The most successful was Operation Chariot in 1942 — an amphibious assault on the heavily defended port of Saint-Nazaire in German-occupied France, in which an obsolete American destroyer loaded with explosives was rammed into a dry dock and detonated. The facility was useless for the rest of the war, forcing German warships in need of major repairs to return to German waters and risk a dangerous encounter with the powerful British Home Fleet.

But even Operation Chariot – dubbed by some as “the biggest raid of all” – came at a significant cost. Most of the 18 smaller landing craft carrying commandos tasked with destroying other facilities in the harbor were sunk by German gunfire, and with no way to escape, many were killed or forced to surrender when they ran out of ammunition.

Of the 612 commandos on the raid, only 228 managed to return to Britain – among them, on a personal note, my father – 169 were killed, 215 were captured. And as the war progressed, the raids were slowly discontinued as they were no longer considered effective and led Germany to strengthen its coastal defenses.

Shortly after the British Army Commando began to take shape, Churchill also ordered the establishment of the Special Operations Executive (SOE), tasked with carrying out espionage, sabotage and reconnaissance, as well as assisting resistance groups in German-occupied Europe. “Go and set Europe on fire,” Churchill told supervising minister Hugh Dalton.

But as with the Commandos, so too with SOE, which eventually grew to 13,000 agents – 3,000 of them women. And while no one doubts their sheer bravery, there has been considerable debate about the true military impact of what has been dubbed “Churchill’s Secret Army” – or “Ministry of Ungentlemanly Warfare”.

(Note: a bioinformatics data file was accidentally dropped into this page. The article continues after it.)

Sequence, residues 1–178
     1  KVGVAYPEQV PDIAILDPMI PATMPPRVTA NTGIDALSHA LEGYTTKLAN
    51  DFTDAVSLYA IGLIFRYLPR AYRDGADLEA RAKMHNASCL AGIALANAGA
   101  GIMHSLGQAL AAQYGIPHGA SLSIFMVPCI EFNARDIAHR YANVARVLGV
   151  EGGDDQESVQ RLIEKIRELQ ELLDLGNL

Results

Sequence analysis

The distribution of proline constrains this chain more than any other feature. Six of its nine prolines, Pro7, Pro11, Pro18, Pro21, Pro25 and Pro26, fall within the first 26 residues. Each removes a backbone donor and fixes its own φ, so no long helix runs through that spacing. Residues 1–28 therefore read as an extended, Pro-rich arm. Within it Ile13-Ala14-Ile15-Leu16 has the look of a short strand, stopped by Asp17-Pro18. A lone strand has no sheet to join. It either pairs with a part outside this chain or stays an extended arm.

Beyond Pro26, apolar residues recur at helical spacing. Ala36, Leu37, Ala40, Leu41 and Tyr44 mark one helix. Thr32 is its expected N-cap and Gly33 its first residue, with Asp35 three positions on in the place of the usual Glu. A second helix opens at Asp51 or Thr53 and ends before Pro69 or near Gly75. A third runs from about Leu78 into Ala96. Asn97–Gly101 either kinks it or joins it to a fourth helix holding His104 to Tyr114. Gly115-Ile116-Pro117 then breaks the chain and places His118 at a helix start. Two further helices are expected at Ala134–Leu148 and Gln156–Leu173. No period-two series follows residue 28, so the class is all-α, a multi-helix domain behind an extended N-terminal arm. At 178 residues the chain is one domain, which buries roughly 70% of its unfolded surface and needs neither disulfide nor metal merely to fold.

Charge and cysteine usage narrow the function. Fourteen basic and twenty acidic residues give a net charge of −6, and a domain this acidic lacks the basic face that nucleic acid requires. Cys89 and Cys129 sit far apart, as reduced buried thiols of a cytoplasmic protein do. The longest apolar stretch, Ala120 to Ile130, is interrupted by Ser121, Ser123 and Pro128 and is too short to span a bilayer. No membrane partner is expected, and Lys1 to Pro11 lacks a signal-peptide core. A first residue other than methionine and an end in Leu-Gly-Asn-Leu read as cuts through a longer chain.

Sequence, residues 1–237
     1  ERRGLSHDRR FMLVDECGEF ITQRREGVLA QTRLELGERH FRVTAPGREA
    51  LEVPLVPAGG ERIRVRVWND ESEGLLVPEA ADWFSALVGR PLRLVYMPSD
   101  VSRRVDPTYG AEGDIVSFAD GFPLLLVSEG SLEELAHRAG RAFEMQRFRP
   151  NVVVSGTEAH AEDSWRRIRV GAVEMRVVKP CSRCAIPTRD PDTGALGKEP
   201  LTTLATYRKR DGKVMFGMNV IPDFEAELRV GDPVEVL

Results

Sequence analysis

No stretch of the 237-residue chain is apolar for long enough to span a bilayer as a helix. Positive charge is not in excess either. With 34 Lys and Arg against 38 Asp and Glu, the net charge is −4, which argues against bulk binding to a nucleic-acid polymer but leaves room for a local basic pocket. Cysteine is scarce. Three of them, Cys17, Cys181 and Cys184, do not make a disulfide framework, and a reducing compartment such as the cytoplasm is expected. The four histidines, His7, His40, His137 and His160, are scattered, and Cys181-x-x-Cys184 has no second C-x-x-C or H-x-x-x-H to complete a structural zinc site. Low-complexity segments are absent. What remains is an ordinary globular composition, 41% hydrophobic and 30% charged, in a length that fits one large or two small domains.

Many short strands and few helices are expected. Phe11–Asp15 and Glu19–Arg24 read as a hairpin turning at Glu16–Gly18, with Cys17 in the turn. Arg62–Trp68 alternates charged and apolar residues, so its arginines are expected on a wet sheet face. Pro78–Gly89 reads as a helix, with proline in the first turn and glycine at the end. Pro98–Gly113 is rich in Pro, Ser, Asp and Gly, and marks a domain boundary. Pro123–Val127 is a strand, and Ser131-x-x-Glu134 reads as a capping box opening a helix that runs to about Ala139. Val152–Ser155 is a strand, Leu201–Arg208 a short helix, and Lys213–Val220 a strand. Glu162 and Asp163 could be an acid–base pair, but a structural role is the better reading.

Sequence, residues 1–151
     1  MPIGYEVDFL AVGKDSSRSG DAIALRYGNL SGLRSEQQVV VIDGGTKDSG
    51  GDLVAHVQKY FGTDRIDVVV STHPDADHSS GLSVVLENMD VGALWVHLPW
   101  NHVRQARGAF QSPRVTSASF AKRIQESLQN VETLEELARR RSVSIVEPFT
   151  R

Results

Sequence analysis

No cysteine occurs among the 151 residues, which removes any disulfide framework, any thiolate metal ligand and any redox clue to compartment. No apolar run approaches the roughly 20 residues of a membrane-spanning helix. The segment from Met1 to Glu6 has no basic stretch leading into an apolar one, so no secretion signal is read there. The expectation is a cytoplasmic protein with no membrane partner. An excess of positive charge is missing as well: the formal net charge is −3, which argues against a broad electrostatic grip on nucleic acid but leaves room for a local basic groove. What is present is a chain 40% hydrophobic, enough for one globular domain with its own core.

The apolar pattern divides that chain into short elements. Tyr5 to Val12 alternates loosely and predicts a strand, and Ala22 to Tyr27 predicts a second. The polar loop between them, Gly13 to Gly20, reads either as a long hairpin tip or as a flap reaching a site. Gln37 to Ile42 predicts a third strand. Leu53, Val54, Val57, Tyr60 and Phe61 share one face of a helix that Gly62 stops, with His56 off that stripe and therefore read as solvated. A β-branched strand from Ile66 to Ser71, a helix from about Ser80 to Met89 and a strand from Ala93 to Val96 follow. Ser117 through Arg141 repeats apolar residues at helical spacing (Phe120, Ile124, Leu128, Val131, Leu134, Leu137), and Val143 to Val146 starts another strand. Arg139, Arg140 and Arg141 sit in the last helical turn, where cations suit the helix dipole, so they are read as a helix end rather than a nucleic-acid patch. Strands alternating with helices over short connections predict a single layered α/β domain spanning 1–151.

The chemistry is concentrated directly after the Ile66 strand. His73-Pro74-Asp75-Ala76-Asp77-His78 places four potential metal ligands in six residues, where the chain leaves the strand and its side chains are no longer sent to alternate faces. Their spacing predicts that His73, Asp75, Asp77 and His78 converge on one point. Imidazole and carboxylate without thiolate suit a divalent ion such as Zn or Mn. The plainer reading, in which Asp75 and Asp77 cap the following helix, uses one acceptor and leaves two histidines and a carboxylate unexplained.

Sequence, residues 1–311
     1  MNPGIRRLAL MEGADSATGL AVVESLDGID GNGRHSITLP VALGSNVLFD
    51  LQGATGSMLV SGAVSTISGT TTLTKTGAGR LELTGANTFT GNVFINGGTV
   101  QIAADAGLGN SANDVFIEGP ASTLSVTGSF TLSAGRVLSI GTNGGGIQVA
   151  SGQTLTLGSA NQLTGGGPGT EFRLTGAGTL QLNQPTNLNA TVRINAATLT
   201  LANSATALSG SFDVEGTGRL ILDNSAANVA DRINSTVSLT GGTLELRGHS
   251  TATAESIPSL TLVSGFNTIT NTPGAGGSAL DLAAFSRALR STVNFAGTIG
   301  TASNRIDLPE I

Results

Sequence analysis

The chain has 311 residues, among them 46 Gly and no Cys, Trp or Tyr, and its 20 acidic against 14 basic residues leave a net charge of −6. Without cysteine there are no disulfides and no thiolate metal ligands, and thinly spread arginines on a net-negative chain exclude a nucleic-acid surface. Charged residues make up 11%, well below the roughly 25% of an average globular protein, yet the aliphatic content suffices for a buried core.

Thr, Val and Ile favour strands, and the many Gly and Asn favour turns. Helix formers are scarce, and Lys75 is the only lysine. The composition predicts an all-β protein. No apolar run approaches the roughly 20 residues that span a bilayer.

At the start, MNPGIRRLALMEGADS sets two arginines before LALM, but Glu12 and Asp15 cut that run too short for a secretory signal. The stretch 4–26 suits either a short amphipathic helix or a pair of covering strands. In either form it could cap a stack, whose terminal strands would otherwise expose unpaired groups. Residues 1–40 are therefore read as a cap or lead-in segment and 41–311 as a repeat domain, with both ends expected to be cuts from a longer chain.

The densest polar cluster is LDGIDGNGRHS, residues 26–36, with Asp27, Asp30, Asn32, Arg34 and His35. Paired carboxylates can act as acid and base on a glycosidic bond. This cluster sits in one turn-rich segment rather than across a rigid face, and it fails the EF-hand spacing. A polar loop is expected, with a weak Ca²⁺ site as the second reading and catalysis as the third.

Some historians have argued that many of SOE’s high-profile operations—including the assassination of the cruel Reinhard Heydrich, the acting Reich Protector of Bohemia and Moravia and one of the architects of the “Final Solution to the Jewish Question”—did not serve much practical purpose. purpose and were potentially counterproductive.

And after the war, both historians and critics within the SOE argued that these operations only led to mass reprisals and the disintegration of resistance networks – the main purpose of which was ultimately to develop underground armies ready to intervene and assist Allied forces when the tide of war turned and liberation was at hand .

“SOE was inefficient as an organisation, unnecessarily dangerous to work in, ineffective in pursuing its aims and counterproductive in terms of the results it achieved,” concluded John Keegan, one of Britain’s leading military historians.

Others, however, are not so dismissive. In his book “The Secret War”, Max Hastings noted that by sponsoring resistance groups, SOE “allowed the resurrection of self-respect in occupied societies”, enabling all European nations to “maintain their cadres of heroes and martyrs”.

Ukraine certainly has its heroes and martyrs. But only when the war is over will we have an opportunity to judge exactly how powerful her commando was.